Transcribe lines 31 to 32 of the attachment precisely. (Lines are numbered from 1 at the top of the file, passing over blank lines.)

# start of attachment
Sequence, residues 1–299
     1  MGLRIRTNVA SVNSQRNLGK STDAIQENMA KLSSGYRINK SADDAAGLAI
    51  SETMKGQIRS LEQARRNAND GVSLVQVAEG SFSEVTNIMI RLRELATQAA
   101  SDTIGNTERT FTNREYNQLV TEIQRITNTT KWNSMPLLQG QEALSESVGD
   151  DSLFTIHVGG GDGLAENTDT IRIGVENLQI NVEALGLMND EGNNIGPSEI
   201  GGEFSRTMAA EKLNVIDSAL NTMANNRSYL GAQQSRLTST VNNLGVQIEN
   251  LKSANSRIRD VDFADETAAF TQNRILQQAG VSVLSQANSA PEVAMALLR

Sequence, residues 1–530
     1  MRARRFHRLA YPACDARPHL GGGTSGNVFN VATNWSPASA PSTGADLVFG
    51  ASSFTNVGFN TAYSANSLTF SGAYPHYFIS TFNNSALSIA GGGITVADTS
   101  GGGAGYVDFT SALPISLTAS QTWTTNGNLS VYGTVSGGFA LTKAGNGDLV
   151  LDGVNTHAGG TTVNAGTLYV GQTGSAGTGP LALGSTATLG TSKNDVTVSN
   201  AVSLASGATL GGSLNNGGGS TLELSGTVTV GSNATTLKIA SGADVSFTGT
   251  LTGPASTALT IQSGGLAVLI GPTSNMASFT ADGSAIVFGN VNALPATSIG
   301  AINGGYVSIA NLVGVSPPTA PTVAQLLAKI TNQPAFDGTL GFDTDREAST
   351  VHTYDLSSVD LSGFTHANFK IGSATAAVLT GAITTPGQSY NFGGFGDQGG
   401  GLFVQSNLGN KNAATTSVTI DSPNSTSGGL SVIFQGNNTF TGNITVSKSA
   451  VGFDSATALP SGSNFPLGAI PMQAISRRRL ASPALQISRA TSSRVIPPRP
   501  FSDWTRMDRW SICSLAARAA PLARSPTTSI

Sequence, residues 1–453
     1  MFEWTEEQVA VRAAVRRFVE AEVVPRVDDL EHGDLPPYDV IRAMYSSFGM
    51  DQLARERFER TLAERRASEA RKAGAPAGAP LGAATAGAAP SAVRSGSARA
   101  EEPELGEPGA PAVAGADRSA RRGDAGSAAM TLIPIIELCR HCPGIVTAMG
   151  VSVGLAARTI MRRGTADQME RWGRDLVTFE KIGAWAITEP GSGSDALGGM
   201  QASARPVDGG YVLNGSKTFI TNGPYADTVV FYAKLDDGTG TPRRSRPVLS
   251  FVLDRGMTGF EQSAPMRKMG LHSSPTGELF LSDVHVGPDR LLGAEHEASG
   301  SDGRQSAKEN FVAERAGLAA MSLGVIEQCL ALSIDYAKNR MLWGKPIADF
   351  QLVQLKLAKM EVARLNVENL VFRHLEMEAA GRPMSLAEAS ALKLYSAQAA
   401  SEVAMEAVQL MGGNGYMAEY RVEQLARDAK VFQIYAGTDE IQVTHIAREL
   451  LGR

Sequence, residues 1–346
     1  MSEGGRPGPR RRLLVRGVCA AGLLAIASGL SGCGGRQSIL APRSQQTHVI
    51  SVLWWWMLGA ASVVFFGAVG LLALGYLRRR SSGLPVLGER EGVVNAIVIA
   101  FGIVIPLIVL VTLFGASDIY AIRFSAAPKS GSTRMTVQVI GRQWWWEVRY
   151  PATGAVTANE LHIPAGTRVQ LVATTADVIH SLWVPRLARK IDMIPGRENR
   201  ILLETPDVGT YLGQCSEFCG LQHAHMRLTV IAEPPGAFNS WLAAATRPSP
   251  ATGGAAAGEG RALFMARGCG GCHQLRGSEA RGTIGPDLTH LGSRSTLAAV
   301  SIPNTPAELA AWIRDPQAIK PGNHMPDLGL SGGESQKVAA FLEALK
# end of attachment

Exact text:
Sequence, residues 1–346
     1  MSEGGRPGPR RRLLVRGVCA AGLLAIASGL SGCGGRQSIL APRSQQTHVI